“Sometimes we think we need to take on everything and do it all,” says PTO president Shaunda Rauch, but many companies can suggest ways to make a sale easier for PTOs as well as more profitable.

Think about special event tie-ins, too. The Raisinville Elementary PTO in Monroe, Mich., sells pizza kits to coincide with the Super Bowl. The group also sells cookie dough in the spring. “Food seems to sell the best out of everything,” says Jill Synowiec, who coordinates the pizza kit sale.

One challenge of the pizza kit sale, which generates a profit of $2,000 to $3,000 each year for the 400-student school, is having enough volunteers to sort the orders quickly. To solve that problem, the PTO recruits students from the National Junior Honor Society at the local middle school, who are required to perform service hours. And to help parents remember to pick up their orders, the PTO uses a free text messaging app to send reminders.

Prepared Refrigerated Foods

Many parent groups sell prepared refrigerated foods such as cheesecakes, pies, and meat.

The Iola (Kan.) PTO, which represents four schools, tried a meat sale for the first time this year. Working with a local meat market that raises the animals and grinds the meat on-site, the PTO sold ground sausage for $4 a pound in the fall. “This is a very rural agricultural area,” says PTO president Becky Nilges. “Sausage may not work in some places, but we feel like it will here, especially since it’s all local. The meat market said if this works well, maybe we’ll do ham around Easter.”

Affordability was a key in the inaugural—and simultaneous—cheesecake and stromboli sales

at Sunrise Estates Elementary in Irwin, Pa. “It really helped that the stromboli was just $3 apiece, so a lot of people were willing to try it,” says PTO president Christine Snyder. “Cheesecakes were $7 to $20, which is still pretty affordable. We had a lot of small orders, but I think next year they’ll be more likely to buy more.”

Timing is the driver of the Thanksgiving Day pie sale sponsored by the Colts Neck (N.J.) PTO, which supports three schools. Profits are modest, but the true purpose of the effort is to supply pies that families can serve at Thanksgiving. Pies are ordered from a local orchard and delivered on the same evening as parent-teacher conferences, making it even more convenient for buyers. The PTO also offers a way to donate pies to a local charity, says Maureen Finnegan, who coordinates the sale.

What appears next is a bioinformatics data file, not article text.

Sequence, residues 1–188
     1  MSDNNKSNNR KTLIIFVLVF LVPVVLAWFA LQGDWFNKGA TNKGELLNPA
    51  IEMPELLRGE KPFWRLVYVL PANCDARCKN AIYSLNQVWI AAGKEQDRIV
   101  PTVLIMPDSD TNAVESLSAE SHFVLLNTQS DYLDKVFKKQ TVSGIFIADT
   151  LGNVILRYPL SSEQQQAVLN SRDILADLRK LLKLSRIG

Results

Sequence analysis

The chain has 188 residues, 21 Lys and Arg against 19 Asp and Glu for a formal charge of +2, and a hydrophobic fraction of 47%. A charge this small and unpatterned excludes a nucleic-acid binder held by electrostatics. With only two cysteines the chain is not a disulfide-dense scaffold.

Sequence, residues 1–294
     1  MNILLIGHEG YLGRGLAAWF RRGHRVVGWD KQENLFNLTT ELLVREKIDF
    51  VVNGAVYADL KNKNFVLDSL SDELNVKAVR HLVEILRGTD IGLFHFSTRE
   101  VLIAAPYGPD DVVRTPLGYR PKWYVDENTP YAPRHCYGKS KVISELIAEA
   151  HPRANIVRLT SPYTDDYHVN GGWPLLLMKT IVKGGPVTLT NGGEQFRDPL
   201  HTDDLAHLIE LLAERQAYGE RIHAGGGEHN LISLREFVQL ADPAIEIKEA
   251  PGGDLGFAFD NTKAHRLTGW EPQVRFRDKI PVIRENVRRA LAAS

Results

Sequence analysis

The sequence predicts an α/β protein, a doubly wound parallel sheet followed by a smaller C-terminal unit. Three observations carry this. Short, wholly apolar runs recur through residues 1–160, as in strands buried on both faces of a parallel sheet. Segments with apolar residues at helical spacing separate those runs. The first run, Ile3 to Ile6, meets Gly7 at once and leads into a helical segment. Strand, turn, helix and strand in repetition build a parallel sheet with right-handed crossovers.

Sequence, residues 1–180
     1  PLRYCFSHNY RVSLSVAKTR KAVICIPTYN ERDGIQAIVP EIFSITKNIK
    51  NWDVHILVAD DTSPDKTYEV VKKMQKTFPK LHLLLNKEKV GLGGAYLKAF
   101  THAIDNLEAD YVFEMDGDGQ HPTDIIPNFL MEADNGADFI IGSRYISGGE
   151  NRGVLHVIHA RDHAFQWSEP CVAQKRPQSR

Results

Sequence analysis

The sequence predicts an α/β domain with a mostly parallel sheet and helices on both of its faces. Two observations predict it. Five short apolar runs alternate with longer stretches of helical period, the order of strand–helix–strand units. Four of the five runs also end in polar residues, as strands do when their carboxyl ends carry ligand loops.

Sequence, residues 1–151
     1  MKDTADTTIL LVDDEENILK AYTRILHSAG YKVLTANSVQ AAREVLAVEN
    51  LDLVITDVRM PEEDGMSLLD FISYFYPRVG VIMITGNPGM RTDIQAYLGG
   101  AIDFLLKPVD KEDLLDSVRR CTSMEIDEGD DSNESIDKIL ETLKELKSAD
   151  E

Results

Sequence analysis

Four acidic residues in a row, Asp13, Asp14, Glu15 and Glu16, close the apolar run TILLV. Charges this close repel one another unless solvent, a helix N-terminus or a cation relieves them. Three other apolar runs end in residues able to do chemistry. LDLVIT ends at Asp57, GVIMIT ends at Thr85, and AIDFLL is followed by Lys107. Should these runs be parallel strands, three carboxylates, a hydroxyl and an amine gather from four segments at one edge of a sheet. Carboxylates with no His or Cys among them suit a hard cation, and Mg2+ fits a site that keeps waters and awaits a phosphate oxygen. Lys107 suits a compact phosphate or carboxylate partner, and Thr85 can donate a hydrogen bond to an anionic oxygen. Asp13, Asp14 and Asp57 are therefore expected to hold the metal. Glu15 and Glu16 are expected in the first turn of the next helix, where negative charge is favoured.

Packaged Popcorn and Snacks

Snacks like popcorn, trail mix, nuts, and beef jerky are always popular. However, allergies can be a significant concern with snack fundraisers, especially those that have snacks with nuts. The Midlands STEM Institute PTO in Winnsboro, S.C., listed all ingredients on the order sheet for its gourmet popcorn sale and used a facility where no children were present to separate the orders, which were handed out only to parents, says PTO president Takisha Roseboro.

Midlands’ popcorn sale was very profitable, making the extra precautions worthwhile. Buyers enjoyed the freshness of the popcorn and being able to choose among multiple flavors.

The Parkside Elementary PTA in Solon, Ohio, took similar precautions with its nut sale. The PTA changes fundraisers frequently to capture parent interest. The nuts, which hadn’t been offered for several years, came from a local business that parents like to support. “We had a pickup day for parents because we did not want nut products sent home with students,” says sale coordinator Jennifer Schusterman. “And we kept the products in the front atrium of the school blocked off by tables.”

Beef jerky is one of the fundraisers sponsored by the Wayne Elementary PTO in Kewaskum, Wis. It’s held in conjunction with the sale of homemade pizzas, about 2,000 of which are made by a team of 60 volunteers, says Christina Johnson, who coordinates the pizza sale. Usually, groups try not to do the same fundraisers as other local groups, but in Kewaskum, the pizza and beef jerky sale done by the fire department actually helps promote the PTO sale, which happens a few weeks later.